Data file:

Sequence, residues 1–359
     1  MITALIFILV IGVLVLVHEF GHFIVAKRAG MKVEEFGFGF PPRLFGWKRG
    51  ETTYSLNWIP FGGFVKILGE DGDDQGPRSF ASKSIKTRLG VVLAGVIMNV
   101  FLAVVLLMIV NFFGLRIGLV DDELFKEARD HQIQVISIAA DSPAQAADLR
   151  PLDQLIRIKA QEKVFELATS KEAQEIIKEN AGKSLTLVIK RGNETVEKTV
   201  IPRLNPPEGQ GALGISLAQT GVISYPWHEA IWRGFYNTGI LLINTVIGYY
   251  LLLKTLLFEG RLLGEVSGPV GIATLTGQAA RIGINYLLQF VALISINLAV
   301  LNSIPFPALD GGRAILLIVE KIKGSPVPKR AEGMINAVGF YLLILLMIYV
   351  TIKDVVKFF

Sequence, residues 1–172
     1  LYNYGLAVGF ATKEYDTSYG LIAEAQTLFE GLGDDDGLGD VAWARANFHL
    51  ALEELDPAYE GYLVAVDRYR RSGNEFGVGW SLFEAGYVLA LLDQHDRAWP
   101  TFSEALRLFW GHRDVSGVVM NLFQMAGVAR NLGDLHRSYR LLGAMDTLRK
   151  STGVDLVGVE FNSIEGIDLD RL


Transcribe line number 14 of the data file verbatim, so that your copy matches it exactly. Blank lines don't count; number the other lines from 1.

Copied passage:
   151  STGVDLVGVE FNSIEGIDLD RL